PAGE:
The week ended with a surprise to many as the Fed boosted its discount rate after market close on Thursday. In its press release, the Fed characterized the move as normalization in the relationship of the discount rate to the fed funds target rate. “Normalization” now appears to be the Fed’s PR phrase for its exit strategy. Indeed, “normalization” is less frightening—and more accurate—than “tightening.” But a return to normalcy also is the wish of many—businesses, consumers, and policymakers. Economic data this past week indicated that the return will be gradual but that progress is being made.
Recap of US Markets
Equities made net gains for a second week in a row. The week got off to a good start on Tuesday (with markets closed Monday for Presidents’ Day) on good earnings news from Merck and Barclays and on a better-than-expected Empire State manufacturing index. Dollar weakness boosted commodity stocks. Equities moved higher on Wednesday mostly on favorable company news. Deere and Whole Foods reported earnings that beat estimates. There was heavy duty economic news in the morning and afternoon. The housing starts report was only modestly positive for stocks as starts rose but permits declined. The Fed’s FOMC minutes had only one surprise—increased discussion of raising the discount rate soon—but that cut back the day’s gains.
Equities gained further on Thursday despite economic news that was not favorable. Initial jobless claims spiked, producer price inflation jumped—including at the core level, and the index of leading indicators slowed. Somewhat offsetting was a positive report from the Philly Fed on mid-Atlantic manufacturing. Lifting stocks were several better-than-expected earnings reports—including Proctor & Gamble. But Wal-Mart dampened the mood a bit with a drop in same-store sales. After close, the Fed announced a 25 basis point increase in the discount rate to 0.75 percent, causing stocks and equity futures to dip in after-hours trading. But by open on Friday, traders decided that the Fed intended the move to be merely technical and a non-event in terms of impact on credit markets. Also, a surprisingly soft CPI report alleviated fears about the possibility of the Fed accelerating its exit from an expanded balance sheet.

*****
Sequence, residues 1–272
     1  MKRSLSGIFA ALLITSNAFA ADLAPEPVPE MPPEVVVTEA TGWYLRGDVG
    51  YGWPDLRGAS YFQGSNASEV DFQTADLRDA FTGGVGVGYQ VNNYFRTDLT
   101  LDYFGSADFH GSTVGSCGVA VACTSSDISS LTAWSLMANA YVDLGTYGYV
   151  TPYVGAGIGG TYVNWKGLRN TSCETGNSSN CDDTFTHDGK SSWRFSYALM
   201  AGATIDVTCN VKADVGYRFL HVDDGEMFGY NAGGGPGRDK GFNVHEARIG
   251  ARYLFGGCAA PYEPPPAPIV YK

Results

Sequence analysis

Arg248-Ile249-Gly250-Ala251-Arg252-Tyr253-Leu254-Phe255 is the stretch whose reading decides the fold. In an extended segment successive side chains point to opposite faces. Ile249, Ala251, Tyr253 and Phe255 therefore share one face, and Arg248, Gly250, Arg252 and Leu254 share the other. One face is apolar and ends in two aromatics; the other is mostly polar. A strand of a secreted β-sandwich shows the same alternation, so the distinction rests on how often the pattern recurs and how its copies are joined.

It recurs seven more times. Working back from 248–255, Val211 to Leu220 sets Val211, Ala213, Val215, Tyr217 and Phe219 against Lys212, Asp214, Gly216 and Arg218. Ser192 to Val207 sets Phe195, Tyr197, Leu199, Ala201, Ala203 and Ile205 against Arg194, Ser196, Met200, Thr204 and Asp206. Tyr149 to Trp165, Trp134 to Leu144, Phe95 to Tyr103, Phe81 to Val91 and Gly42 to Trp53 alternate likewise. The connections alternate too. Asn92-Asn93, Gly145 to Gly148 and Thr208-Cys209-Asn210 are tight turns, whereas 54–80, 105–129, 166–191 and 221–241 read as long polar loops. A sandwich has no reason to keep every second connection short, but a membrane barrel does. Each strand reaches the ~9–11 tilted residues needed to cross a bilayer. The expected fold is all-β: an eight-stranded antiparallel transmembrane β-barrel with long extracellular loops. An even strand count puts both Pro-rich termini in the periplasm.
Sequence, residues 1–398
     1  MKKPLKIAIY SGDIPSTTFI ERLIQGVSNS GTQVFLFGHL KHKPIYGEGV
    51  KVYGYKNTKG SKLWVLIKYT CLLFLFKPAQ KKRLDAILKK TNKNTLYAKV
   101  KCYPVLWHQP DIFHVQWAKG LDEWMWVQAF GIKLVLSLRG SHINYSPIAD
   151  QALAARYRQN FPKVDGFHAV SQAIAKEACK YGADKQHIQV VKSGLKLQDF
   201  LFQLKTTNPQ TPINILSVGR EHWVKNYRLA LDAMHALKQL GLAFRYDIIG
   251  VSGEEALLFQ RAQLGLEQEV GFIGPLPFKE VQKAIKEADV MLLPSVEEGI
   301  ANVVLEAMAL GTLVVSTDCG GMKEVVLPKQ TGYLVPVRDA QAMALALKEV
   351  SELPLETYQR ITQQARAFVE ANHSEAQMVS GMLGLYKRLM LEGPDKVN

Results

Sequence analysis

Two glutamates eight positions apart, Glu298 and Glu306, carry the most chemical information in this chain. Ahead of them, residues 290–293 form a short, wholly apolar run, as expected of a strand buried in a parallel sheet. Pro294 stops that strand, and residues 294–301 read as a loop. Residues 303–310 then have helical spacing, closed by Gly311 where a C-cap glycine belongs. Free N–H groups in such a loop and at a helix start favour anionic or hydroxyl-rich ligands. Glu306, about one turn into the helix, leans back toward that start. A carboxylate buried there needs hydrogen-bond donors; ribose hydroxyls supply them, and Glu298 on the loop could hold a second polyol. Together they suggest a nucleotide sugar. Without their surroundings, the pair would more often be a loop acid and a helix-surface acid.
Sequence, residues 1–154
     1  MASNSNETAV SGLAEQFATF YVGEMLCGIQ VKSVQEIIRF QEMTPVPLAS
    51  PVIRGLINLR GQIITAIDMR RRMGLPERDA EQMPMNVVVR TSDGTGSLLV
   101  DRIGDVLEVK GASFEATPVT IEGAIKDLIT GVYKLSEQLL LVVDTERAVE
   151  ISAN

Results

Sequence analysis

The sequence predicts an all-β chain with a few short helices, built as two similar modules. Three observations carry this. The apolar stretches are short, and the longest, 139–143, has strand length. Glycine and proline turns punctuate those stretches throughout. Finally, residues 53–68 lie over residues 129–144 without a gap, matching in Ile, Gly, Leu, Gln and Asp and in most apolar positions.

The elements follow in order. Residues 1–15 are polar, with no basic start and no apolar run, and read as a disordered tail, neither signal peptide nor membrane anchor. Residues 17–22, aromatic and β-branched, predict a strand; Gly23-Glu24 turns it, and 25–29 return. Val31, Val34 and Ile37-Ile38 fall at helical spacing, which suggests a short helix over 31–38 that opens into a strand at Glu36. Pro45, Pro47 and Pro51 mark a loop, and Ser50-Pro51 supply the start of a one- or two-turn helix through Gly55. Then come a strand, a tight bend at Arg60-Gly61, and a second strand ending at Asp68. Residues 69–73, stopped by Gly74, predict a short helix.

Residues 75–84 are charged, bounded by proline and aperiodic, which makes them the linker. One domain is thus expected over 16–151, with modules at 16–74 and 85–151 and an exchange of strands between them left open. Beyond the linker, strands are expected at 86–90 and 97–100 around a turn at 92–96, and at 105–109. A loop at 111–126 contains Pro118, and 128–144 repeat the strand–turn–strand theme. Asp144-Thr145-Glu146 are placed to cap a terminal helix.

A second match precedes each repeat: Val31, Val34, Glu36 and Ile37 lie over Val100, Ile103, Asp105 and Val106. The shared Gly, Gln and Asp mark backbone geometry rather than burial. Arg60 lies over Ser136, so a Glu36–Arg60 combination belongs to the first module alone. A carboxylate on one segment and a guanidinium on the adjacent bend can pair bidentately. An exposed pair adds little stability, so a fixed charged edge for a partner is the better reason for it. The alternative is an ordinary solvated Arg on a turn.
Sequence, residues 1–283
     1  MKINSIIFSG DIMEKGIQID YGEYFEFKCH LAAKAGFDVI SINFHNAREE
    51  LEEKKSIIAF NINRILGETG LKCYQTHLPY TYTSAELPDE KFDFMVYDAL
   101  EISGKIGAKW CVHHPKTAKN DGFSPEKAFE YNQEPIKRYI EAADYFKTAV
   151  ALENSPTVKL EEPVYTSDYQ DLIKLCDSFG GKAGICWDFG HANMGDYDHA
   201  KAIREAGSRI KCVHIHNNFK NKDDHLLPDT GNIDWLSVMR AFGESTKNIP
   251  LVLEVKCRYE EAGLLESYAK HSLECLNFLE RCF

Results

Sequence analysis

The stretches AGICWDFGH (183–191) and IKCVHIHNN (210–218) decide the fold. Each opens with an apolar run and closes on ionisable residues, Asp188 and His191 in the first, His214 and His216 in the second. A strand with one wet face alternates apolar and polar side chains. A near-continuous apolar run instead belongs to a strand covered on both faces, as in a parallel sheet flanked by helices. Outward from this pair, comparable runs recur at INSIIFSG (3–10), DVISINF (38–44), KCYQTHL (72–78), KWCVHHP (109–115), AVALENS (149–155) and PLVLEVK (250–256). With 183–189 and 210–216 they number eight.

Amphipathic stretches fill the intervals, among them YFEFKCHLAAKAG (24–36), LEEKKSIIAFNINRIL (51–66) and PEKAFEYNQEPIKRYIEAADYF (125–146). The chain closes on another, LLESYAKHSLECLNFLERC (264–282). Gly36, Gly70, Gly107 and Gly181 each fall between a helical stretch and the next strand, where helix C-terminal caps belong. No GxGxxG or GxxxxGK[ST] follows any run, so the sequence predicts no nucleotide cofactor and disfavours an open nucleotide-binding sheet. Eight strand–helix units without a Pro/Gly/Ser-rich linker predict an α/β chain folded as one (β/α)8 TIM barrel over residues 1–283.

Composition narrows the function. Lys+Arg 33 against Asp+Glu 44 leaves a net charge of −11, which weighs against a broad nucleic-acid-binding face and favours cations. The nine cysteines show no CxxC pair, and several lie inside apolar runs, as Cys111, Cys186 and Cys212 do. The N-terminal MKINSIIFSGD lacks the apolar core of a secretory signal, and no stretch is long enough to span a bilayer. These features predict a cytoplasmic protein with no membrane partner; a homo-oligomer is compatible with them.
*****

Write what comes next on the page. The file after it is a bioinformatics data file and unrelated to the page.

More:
Equities were up this past week. The Dow was up 3.0 percent; the S&P 500, up 3.5 percent; the Nasdaq, up 2.8 percent; and the Russell 2000, up 3.4 percent.
For the year-to-date, major indexes are mostly down as follows: the Dow, down 0.2 percent; the S&P 500, down 0.5 percent; and the Nasdaq, down 1.1 percent. The Russell 2000, however, is back in positive territory, up 1.0 percent since the end of 2009.
For the week ahead, markets will be watching credit markets overseas as Greece is likely to conduct a debt auction. Also, Fed Chairman Ben Bernanke could set markets in motion with his semiannual testimony before Congress on Wednesday and Thursday.